You were able to stand out from among the hundreds of applicants for that coveted position. During the interview, you realize that your professional expectations are aligned with the company’s corporate culture. The feeling is mutual. The last bit of business that must be taken care of before you can be onboarded is that question that makes for sweaty palms, heart palpitations and anxiety.
What are your salary expectations for this position?
This question will most likely be the final factor that determines your fate. And yet, almost 60 percent of women surveyed by staffing firm, Randstad US, admitted to having never negotiated their pay. It’s not surprising that the same percentage of women surveyed also would consider leaving their job because they believed they were being underpaid.
But why is the task of asking for the salary you believe you deserve so intimidating? Most of us are just not good at what may feel like haggling and feel fearful that our request will be rejected. Here are some tips to consider before you show up at the negotiating table and either sell yourself short or ask for an amount so high that it takes you out of the running.
Don’t be afraid to ask.
“During the first conversation with a potential employer, it’s alright to ask for the salary range for that position,” says Tanisha Russell Day, a human resource specialist and founder of Teaneck, New Jersey based, KEY HR Consulting, LLC. “This way, time isn’t wasted on either
side.” But be prepared, the ball might end up back in your court if the interviewer asks for a salary range instead of providing you with one.
Don’t sell yourself short.
Know what your talent and professional experience is worth. “Provide a range. It could even be a $20k range, but just don’t ask for anything lower than what you [absolutely] need,” suggests Russell Day. There are three factors that dictate the final offer: your unique talents and potential; what other companies are paying for the same role in a similar market; and the salaries the company is currently paying to their workers, says Valerie Sutton, a career development specialist, on LinkedIn’s Negotiating Your Salary course. You can research compensation for similar positions at Salary.com, or get a custom salary estimate calculated at Glassdoor based on the job title, location and your experience. One thing to keep in mind though, it’s not only about what you think you’re worth, but also what the employer believes the job is worth, says Sutton.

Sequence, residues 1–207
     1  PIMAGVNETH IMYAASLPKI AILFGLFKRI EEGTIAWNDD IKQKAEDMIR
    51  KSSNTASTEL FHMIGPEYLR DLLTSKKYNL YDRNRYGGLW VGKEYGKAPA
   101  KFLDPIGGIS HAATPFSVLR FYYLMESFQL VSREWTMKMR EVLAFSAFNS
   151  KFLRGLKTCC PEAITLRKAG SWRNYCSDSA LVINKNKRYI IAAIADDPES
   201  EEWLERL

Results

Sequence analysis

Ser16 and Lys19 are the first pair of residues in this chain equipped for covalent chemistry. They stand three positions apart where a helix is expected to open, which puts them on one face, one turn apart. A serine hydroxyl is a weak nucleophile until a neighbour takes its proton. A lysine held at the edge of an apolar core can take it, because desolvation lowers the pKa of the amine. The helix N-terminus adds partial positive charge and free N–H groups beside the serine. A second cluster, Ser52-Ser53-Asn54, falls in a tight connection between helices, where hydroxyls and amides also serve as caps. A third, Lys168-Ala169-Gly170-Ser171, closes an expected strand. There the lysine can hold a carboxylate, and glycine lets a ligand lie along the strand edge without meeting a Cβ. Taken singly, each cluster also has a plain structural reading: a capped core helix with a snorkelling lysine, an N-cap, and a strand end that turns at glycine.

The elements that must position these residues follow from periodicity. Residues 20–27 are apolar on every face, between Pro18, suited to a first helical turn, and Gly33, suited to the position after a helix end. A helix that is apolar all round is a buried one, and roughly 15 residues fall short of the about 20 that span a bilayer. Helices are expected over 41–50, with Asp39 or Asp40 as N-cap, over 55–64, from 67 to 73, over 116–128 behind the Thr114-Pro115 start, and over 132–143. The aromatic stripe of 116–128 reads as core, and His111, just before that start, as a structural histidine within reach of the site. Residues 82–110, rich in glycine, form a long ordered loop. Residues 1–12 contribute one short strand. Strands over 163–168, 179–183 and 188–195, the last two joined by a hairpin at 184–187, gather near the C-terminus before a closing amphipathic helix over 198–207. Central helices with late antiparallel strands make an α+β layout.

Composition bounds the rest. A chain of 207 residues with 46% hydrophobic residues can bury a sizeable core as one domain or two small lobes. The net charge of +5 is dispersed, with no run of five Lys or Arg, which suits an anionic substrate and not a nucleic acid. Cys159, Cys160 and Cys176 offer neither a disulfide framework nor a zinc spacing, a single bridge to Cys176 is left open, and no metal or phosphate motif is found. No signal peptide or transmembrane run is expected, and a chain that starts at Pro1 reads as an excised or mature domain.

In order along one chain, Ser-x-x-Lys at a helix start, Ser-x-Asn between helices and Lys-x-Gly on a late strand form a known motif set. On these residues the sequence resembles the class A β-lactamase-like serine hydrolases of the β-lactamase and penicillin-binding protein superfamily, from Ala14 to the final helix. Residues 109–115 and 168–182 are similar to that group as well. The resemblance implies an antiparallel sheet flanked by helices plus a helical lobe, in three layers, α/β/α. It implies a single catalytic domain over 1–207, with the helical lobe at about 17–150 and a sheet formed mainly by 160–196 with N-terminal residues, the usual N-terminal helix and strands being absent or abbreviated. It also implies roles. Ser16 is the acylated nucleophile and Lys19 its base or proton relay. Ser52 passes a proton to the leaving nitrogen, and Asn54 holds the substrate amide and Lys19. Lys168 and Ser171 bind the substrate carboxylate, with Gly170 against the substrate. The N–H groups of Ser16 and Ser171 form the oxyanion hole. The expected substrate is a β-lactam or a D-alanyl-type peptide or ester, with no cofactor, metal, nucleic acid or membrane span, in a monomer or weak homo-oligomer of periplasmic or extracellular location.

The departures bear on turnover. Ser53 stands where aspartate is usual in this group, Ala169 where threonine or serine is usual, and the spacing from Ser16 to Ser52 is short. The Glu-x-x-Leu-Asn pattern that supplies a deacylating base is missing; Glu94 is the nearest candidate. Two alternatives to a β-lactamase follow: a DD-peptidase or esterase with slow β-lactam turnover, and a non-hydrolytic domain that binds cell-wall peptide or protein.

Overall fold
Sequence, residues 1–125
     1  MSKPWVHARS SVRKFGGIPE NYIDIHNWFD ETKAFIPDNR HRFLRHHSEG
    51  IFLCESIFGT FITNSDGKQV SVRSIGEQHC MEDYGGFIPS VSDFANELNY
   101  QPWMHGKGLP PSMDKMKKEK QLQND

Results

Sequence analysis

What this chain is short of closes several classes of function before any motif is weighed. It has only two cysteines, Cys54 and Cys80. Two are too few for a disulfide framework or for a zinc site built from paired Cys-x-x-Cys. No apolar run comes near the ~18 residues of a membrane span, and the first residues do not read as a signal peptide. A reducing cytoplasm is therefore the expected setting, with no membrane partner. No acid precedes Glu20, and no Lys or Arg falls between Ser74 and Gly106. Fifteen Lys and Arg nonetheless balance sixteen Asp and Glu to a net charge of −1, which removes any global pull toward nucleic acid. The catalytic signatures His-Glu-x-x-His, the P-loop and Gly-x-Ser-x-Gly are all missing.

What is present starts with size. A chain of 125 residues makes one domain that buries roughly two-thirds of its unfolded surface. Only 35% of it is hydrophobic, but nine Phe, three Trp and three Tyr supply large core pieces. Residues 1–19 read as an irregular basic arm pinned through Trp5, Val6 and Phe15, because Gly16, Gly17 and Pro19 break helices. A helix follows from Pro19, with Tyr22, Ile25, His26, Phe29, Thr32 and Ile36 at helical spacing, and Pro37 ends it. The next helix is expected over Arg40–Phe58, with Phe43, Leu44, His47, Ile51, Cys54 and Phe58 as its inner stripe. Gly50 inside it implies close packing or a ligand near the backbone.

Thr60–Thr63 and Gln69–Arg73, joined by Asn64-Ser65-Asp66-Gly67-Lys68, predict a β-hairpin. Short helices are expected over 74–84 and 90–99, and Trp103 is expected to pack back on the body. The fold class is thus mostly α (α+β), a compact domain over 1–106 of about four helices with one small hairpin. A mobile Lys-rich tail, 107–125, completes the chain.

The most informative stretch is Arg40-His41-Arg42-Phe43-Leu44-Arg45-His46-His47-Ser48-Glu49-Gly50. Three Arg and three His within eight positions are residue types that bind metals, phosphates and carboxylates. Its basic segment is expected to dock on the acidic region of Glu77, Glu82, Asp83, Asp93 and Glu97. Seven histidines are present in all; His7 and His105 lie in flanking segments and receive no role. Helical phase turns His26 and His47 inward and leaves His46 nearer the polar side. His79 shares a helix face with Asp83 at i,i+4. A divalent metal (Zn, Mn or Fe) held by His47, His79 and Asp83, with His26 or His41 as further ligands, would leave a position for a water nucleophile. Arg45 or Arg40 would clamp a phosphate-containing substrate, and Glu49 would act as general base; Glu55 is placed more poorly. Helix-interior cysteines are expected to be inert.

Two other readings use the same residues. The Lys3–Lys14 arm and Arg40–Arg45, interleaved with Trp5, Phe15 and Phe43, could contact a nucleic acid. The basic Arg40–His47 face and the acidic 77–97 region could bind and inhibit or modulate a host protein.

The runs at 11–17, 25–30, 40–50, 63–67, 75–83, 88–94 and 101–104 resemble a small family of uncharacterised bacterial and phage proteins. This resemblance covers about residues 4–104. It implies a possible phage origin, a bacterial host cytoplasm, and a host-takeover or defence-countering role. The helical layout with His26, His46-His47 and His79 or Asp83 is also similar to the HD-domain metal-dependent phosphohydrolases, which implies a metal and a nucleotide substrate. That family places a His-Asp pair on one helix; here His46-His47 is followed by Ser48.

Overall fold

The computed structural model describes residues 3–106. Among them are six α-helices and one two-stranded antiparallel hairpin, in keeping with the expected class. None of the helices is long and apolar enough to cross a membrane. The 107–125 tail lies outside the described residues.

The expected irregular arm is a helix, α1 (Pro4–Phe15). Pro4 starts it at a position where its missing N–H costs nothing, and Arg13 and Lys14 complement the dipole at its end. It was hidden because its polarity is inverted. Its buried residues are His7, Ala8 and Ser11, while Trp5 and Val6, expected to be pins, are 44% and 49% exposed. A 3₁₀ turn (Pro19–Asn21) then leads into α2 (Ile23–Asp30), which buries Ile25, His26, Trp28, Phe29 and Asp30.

Show and prove.
Enter into negotiations with an evidence-based case for your desired salary. Clarify why this company should be willing to invest in you? Give specifics about your skill set, past on-the-job milestones, and your strengths. Show that you understand how your experience makes you a prime candidate for the open position. “If for example, you’re an instructional designer and you’ve developed content using the universal design for learning techniques and no one else in the company has this knowledge, this would be a reason to pay you more,” Sutton instructs during the LinkedIn course.
Consider the total package.
While direct financial compensation is important, Russell Day recommends job seekers consider the full package, including benefits, paid time off, flexibility, tuition reimbursement, and work-from-home opportunities, when accepting an offer.
Prepare for the back and forth.
Always remember that the process will require you to have a bit of flexibility. “They may think you deserve everything you want. But they still may not give it to you. Why? Because they may have certain ironclad constraints, such as salary caps, that no amount of negotiation can loosen,” Deepak Malhotra writes in the Harvard Business Review. “Your job is to figure out where they’re flexible and where they’re not,” says Malhotra, the Harvard Business School professor, award-winning author and host of an hour-long video on How to Negotiate Your Job Offer. For example, a small company that’s trying to fill a newly created role will possibly be more flexible about your salary demand than a company hiring several people for similar roles.
Think it over.
“When offered the position, you aren’t required to accept it on the spot,” says Russell Day. “It’s okay to take a few hours or a day to consider the offer and to make certain the details are in line with what you’re looking for.” At the end of the day, be sure to negotiate for a salary that will not only pay your bills and compensate you appropriately, but will also go a long way in affirming that you know your worth.